With respect to communion with the Bishops of Rome, one must not forget that doctrine relating to the primacy of the Roman Pontiff has been the subject of some development within the elaboration of the Church’s faith through the ages, and that it must thus be upheld in its entirety from its origins all the way to the present day. One need only reflect on what the First Vatican Council affirms and on what has been declared at the Second Vatican Council, particularly in NN. 22 and 23 of the Dogmatic Constitution Lumen Gentium and in N. 2 of the Decree on Ecumenism Unitatis Redintegratio.
As to the ways in which the Petrine ministry could be exercised today, an issue distinct from that of doctrine, it is true that the Holy Father has recently reminded us all how it is possible to “seek—together, of course—the forms in which this ministry may accomplish a service of love recognized by all concerned” (Ut unum sint, 95): but while it is also legitimate to approach the issue at the local level, there is a duty to do so always in communion with a view to the universal Church. In this regard, it would in any case be appropriate to recall that “the Catholic Church, both in her praxis and in her solemn documents, holds that the communion of the particular Churches with the Church of Rome, and of their Bishops with the Bishop of Rome, is—in God’s plan—an essential requisite of full and visible communion” (Ut unum sint, 97).
As to the various aspects of communio in sacris, an ongoing dialogue will have to be maintained in order to explore the rationale underlying the respective norms currently in effect, and this in light of the theological assumptions that underlie them; in this way premature unilateral initiatives or eventual outcomes that would not have pondered sufficiently might be avoided: these could lead to significant negative consequences, including with respect to other Eastern Catholics, most especially to those living within the same region.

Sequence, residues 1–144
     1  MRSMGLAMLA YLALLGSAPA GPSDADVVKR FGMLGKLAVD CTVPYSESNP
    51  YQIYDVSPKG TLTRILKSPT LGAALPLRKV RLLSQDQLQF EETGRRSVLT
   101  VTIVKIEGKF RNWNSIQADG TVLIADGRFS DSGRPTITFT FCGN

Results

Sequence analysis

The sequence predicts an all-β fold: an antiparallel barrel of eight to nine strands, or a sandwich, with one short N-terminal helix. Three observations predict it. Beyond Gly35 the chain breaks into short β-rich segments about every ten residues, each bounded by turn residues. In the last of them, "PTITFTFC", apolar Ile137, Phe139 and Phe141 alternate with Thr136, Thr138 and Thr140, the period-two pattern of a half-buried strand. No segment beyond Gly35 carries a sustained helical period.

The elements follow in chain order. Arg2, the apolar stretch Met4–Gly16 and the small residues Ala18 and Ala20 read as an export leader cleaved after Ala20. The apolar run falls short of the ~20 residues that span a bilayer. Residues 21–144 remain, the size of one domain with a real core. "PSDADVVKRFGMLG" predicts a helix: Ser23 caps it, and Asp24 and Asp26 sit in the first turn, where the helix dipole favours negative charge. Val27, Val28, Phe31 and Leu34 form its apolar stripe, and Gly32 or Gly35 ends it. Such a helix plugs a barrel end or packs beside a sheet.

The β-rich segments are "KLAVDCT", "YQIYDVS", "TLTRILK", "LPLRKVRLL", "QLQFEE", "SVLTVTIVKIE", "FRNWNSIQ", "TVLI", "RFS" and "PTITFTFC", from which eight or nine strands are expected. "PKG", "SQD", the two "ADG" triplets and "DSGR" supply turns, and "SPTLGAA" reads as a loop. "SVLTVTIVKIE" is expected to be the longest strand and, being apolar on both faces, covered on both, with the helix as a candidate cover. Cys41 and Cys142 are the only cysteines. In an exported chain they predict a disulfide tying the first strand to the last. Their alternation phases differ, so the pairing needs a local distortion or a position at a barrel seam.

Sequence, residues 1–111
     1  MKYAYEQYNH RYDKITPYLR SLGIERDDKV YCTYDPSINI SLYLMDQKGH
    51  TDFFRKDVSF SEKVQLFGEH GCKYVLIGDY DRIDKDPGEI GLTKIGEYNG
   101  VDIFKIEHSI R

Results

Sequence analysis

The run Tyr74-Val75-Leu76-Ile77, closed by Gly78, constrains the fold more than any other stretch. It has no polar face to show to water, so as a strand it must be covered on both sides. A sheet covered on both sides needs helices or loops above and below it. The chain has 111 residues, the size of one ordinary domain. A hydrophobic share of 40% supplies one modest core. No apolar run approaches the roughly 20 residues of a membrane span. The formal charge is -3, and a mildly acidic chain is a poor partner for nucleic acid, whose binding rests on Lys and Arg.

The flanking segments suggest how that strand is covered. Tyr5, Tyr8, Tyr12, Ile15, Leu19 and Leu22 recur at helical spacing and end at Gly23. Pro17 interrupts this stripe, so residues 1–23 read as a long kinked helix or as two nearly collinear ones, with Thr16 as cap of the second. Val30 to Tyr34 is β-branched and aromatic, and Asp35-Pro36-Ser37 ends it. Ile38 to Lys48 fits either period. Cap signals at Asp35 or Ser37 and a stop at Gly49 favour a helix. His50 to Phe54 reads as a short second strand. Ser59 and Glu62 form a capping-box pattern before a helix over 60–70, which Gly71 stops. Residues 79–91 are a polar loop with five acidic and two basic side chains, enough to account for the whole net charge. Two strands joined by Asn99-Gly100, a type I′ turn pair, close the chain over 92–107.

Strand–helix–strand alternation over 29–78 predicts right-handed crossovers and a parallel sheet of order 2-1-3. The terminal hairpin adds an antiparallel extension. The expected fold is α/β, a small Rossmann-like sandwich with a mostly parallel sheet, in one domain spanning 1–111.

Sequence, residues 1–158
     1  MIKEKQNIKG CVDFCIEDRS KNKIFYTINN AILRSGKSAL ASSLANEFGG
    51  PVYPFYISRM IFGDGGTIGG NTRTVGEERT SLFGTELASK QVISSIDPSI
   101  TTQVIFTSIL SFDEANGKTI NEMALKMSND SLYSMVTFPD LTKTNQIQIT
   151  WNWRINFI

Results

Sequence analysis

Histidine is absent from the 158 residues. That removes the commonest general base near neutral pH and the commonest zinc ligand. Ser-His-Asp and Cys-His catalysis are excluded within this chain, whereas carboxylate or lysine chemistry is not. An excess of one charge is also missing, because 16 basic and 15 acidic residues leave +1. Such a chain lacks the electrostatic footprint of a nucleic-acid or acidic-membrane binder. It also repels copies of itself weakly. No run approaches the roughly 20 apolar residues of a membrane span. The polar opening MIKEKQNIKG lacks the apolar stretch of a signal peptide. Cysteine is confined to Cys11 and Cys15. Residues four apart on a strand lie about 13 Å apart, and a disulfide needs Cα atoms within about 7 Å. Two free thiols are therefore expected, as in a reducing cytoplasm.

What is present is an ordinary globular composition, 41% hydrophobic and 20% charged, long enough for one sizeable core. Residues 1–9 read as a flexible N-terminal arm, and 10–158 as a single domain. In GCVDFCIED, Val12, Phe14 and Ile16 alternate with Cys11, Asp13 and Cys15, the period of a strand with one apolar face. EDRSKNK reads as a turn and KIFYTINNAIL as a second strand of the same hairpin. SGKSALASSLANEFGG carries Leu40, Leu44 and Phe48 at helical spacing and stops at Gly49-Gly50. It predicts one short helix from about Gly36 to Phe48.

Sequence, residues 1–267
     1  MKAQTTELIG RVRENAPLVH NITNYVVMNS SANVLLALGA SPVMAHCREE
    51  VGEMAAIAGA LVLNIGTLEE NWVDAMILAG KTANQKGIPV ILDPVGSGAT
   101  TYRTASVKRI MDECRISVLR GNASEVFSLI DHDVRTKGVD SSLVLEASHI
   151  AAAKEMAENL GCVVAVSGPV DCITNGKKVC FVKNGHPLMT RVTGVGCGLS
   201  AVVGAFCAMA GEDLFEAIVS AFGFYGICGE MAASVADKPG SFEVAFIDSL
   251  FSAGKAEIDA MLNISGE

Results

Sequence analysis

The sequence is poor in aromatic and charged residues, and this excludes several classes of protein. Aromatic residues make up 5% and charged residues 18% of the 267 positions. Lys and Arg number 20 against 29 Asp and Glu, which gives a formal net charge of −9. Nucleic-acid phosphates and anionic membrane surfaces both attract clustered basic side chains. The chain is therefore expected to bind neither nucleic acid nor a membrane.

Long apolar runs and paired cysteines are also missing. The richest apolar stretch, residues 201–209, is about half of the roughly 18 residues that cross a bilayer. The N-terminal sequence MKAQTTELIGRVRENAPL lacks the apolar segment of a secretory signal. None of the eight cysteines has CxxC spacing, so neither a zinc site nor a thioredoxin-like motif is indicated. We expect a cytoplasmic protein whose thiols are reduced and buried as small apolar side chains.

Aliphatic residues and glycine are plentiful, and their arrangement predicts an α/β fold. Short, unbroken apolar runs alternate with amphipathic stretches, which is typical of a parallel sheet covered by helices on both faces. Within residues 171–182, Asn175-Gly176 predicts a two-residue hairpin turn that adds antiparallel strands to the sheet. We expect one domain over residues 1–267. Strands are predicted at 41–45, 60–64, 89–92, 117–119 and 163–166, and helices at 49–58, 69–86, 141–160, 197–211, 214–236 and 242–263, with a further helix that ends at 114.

All in all, the fraternal dialogue pursued by the Greek-Melkite Patriarchate will contribute all the more to the path of ecumenism insofar as it strives to include in the development of new sensibilities the whole Catholic Church to which it belongs. There is a good basis for believing that Orthodoxy also shares this concern, and this largely also in consideration of the requirements for communion within its own body.
The Dicasteries concerned are ready to offer their collaboration in furthering this exchange of reflections and clarifications; they further express their satisfaction with the meetings held so far on this subject with representatives of the Greek-Melkite Catholic Church, and both hope and wish to see these exchanges maintained and deepened in future.
Fully recognizing that Your Beatitude will wish to share these reflections, please accept the expression of our fraternal and cordial regards.
Joseph Card. Ratzinger
Achille Card. Silvestrini
Edward Card. Cassidy